On Tuesday, the Federal Trade Commission and seventeen states filed a lawsuit against Amazon, initiating an antitrust battle that may affect how Americans buy everything from toilet paper to gadgets online.
The federal government’s most serious challenge to Amazon’s dominance thus far was a 172-page lawsuit that accused the company of preserving a monopoly over large portions of the online retail industry by unfairly competing with its own vendors and promoting its own services.
The complaint claims that consumers paid “artificially higher prices” because Amazon prevented other retailers from selling their items at lower costs and because the company favoured its own offerings and cluttered search results. According to the agency and the states, the retailer’s actions rendered it difficult for its competitors to stay in business.
As a “everything store” for its wide selection of items and lightning-fast shipping, the company’s online marketplace is largely responsible for Seattle-based Amazon’s success. Amazon’s dominance in the e-commerce industry has reshaped the world of business, influenced the working conditions of over a million warehouse employees.
Now Amazon, which has rejected the allegations in the case, joins the ranks of other major tech firms going up against the government over monopoly fears. This comes as the Justice Department’s antitrust trial challenging Google’s dominance in online search enters its third week. The F.T.C. has also filed a complaint against Meta, the parent company of Instagram, Facebook, and WhatsApp, on antitrust grounds. Legislation to restrict some of the firms’ most prevalent business practises has been explored by members of Congress.
This latest case is the long-awaited showdown between Amazon and F.T.C. head Lina Khan. In 2017, she submitted a thesis as a Yale law student alleging that American antitrust laws had failed to sufficiently prevent Amazon from gaining dominance over its consumers, competitors, and suppliers, and she quickly rose to prominence. This study was significant in launching a discussion regarding whether or not U.S. antitrust laws required updating in order to rein in digital behemoths.
An injunction prohibiting Amazon’s “unlawful conduct” was among the remedies proposed by the F.T.C., which also suggested restructuring the firm. It didn’t go into depth, however, on the ways in which the court may curb Amazon’s dominance, such as by dismantling its operations. If the government is able to show that Amazon broke the law, it may provide further details.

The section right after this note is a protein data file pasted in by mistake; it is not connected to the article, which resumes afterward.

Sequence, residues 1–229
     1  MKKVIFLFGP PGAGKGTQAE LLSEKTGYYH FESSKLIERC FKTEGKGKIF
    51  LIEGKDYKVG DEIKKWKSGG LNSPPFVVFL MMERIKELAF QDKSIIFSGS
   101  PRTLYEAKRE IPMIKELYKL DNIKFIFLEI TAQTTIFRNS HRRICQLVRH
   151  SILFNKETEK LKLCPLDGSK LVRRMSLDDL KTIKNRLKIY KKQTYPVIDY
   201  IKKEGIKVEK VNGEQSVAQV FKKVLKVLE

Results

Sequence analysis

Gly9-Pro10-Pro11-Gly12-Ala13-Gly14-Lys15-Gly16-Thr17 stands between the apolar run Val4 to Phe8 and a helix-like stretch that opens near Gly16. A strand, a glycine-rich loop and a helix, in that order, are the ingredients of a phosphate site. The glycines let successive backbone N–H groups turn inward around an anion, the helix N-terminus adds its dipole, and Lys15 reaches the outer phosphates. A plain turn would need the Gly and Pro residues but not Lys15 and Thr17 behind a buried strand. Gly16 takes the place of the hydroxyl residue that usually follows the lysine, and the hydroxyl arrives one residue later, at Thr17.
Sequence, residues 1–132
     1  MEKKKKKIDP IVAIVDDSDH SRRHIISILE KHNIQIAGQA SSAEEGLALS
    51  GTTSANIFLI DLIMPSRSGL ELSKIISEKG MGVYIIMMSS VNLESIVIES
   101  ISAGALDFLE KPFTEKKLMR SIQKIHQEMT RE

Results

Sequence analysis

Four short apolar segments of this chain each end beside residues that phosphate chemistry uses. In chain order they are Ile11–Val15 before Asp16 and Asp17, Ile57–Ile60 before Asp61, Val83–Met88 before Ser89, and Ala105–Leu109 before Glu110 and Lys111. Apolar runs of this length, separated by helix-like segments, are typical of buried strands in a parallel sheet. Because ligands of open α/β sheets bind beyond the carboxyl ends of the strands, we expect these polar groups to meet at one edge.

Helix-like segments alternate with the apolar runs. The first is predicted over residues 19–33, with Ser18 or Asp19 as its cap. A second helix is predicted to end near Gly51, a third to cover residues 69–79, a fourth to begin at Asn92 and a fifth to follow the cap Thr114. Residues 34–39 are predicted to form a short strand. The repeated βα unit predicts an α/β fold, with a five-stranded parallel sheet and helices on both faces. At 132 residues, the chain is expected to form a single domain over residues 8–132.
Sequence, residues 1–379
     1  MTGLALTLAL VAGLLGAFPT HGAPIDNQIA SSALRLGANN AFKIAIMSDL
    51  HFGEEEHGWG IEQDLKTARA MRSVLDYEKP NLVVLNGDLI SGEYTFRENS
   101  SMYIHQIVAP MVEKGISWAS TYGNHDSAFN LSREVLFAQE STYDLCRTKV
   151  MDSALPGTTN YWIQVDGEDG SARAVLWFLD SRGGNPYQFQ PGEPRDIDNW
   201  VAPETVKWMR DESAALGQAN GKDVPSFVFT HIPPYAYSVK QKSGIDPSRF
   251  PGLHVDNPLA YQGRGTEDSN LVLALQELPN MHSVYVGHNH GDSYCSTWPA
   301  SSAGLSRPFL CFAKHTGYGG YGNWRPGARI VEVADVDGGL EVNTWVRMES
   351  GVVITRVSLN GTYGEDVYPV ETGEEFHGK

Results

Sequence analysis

According to the complaint, if Amazon discovers that the same goods can be purchased elsewhere at a lower price, it will remove those two buttons and replace them with less tempting language and images. Losing the Buy Box would “tank” retailers’ sales, the complaint claims, and the corporation knew it. It said that in alternative marketplaces, vendors maintained high prices so that they could stay in business.
The complaint claimed that by requiring sellers to utilise Amazon’s fulfilment and shipping services, the corporation was making it difficult for them to take advantage of Prime’s millions of customers.
Despite the attention, Amazon, which earns more than $500 billion annually, has continued expanding. It has invested heavily in the James Bond film franchise through its purchases of One Medical, a network of primary care practises; iRobot, the maker of the Roomba; and the legendary movie studio Metro-Goldwyn Mayer, in the previous three years. These acquisitions have bolstered the company’s already substantial holdings in e-commerce, cloud computing, and streaming video in an effort to better compete with the likes of Netflix.
After hearing several complaints from competitors and critics, the F.T.C.’s competition unit began looking into Amazon’s operations in the summer of 2019.
According to a source familiar with the probe, Amazon delivered records and information to the F.T.C. by June 2021, when President Biden chose Ms. Khan to be the agency’s chair. A new group was assembled under Ms. Khan’s direction to handle the antitrust investigation, the source said.
The F.T.C.’s action is similar to one filed by European Union regulators, which led to Amazon altering several of its business practises. The business deleted certain contractual wording that prevented merchants from discounting items elsewhere and last year reached a settlement in Europe that will see it broadcast deals from more merchants on individual product pages.
According to a source familiar with the company’s thinking, Amazon is also shutting down the majority of its private label brands since they did not attract enough customers. In June, Amazon said it will reopen enrolment for a programme that lets retailers provide Prime-eligible items but handle their own shipping instead of utilising Amazon’s fulfilment centres.